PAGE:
A bipartisan bill introduced in the Senate would require the Director of National Intelligence to prepare an unclassified report on energy security.
“American dependence on foreign oil has made our Nation less safe,” said Sen. Ron Wyden (D-OR) in an introductory statement. “Oil revenues have provided income for dangerous rogue states, they have sparked bloody civil wars, and they have even provided funding for terrorism.”
“In a sickening phenomenon that I call the terror tax, every time that Americans drive their cars down to the gas station and fill up at the pump, the reality is that a portion of that money is then turned over to foreign governments that ‘backdoor’ it over to Islamist extremists, who use that money to perpetuate terrorism and hate.”
* * *The next administration would be required to conduct a comprehensive review of U.S. nuclear weapons policy and to prepare an unclassified report of its nuclear posture review, according to the 2008 defense authorization act, as marked up by the Senate Armed Services Committee.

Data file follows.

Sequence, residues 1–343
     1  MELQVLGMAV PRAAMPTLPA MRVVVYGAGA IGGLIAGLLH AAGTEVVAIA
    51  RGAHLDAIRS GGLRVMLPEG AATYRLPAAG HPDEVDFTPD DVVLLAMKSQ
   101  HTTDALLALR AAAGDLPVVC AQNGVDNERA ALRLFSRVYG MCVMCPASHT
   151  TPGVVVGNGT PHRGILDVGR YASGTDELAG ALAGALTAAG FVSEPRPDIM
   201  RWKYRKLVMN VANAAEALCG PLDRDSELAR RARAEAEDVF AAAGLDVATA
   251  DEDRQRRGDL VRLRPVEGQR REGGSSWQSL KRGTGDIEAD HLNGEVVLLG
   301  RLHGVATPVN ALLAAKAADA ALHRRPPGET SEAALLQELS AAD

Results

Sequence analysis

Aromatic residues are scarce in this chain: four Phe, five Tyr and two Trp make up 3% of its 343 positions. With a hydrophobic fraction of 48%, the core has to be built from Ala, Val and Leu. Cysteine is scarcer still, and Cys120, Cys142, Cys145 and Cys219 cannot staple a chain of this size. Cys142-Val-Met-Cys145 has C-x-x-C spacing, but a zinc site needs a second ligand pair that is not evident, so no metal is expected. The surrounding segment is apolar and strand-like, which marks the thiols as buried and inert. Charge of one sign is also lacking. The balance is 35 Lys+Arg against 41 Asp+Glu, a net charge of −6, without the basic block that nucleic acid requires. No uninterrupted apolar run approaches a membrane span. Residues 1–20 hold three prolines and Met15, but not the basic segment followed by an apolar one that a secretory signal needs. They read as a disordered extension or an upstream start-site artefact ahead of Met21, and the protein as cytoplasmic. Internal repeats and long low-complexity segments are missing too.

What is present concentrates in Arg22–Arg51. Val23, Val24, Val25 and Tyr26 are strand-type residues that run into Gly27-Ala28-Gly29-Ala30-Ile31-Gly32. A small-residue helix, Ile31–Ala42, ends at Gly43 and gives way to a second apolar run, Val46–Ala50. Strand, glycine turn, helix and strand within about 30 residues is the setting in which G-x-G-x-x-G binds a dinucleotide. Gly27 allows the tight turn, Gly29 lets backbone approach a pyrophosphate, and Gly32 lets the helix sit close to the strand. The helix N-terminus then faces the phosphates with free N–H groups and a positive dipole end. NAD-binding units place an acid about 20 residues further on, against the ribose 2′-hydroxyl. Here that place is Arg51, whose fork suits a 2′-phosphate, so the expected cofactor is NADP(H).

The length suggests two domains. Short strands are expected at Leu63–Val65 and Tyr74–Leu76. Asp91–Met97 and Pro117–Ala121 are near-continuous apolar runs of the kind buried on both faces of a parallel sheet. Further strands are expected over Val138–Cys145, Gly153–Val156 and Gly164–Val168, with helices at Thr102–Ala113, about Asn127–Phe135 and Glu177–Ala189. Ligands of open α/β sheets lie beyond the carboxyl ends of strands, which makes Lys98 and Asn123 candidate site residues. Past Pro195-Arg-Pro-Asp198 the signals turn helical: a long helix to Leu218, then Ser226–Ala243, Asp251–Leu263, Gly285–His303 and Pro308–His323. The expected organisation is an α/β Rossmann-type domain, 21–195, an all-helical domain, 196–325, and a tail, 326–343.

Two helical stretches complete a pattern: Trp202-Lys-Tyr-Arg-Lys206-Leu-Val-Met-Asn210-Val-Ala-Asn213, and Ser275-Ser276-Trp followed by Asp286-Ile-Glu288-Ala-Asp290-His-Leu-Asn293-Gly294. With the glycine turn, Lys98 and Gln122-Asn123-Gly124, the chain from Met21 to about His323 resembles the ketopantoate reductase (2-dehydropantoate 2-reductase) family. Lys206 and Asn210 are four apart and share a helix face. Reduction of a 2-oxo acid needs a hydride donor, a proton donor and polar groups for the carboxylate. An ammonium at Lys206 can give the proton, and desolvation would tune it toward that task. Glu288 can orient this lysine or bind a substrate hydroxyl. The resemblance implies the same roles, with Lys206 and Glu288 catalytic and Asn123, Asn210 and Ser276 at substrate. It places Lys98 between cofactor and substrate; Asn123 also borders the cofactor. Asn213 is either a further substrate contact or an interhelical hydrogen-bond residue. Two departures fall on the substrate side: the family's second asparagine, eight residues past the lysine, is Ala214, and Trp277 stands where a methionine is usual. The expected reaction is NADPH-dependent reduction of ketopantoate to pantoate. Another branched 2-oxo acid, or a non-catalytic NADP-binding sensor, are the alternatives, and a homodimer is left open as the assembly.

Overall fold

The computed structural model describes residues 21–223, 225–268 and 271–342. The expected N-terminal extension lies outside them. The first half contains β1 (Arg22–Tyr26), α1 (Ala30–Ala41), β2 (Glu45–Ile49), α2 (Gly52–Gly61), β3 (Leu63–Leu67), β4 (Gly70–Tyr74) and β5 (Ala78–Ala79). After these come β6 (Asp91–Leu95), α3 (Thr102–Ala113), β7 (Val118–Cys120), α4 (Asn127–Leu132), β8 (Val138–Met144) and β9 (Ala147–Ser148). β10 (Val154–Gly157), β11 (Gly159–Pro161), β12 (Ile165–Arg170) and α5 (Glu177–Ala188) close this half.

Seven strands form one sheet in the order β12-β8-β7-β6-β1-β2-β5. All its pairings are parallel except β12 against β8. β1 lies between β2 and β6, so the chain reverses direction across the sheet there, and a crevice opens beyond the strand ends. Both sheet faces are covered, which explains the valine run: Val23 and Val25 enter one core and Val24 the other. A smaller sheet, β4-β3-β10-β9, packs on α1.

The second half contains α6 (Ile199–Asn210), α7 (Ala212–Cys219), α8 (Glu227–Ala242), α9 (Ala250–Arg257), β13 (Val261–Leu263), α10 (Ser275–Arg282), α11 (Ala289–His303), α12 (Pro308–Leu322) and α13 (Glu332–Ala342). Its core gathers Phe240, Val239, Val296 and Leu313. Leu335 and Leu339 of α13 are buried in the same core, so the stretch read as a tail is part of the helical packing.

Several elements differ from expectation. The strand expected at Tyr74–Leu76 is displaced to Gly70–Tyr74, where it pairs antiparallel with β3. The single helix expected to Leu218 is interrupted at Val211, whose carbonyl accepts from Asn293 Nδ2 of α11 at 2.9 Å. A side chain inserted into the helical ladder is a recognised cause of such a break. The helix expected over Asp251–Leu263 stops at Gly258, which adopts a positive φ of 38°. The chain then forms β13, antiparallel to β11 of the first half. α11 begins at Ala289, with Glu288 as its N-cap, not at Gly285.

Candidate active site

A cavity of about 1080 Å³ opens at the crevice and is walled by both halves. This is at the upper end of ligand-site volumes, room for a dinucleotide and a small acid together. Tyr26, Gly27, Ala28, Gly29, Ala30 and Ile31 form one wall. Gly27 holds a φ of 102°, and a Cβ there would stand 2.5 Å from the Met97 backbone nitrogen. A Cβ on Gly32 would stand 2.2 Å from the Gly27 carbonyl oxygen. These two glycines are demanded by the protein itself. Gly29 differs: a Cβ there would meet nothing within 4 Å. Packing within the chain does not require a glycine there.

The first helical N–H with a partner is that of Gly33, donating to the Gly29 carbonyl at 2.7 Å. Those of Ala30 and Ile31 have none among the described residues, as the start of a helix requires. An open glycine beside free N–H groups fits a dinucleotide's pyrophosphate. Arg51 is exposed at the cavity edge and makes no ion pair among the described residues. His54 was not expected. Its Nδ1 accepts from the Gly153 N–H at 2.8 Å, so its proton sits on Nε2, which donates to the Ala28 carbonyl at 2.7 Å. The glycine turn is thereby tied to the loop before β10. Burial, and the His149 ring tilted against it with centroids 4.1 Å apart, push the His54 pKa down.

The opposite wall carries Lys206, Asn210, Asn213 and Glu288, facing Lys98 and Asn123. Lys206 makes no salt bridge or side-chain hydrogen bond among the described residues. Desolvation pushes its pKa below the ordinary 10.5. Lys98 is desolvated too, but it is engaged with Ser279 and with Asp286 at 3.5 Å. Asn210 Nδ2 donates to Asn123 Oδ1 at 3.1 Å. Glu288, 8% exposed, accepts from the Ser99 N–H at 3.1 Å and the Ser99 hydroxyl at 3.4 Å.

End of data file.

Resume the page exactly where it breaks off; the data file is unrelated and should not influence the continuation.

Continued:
The report, which is intended to update the 2001 nuclear posture review (NPR), would have to be submitted in unclassified form in December 2009.
“Although the Secretary of Defense was directed to submit the December 2001 NPR in an unclassified form, unfortunately this never happened,” the Senate Committee said.
See, relatedly, “Congress Seeks New Direction for Nuclear Strategy” by Walter Pincus, Washington Post, June 18.
A supply-side tax credit (STC) could offer a tax incentive to material suppliers and professional service consultants that provide goods or services to affordable housing projects.
The Department of Housing and Urban Development (HUD), Department of Commerce, and Department of Transportation should jointly develop and manage a data resource—a Housing Production Dashboard—to track housing production within and across states.
Exempting affordable housing from volume caps would address the underlying issue and have the greatest impact in this housing emergency.
To increase the supply of affordable homes, Congress should make greater investments in the National Housing Trust Fund (HTF).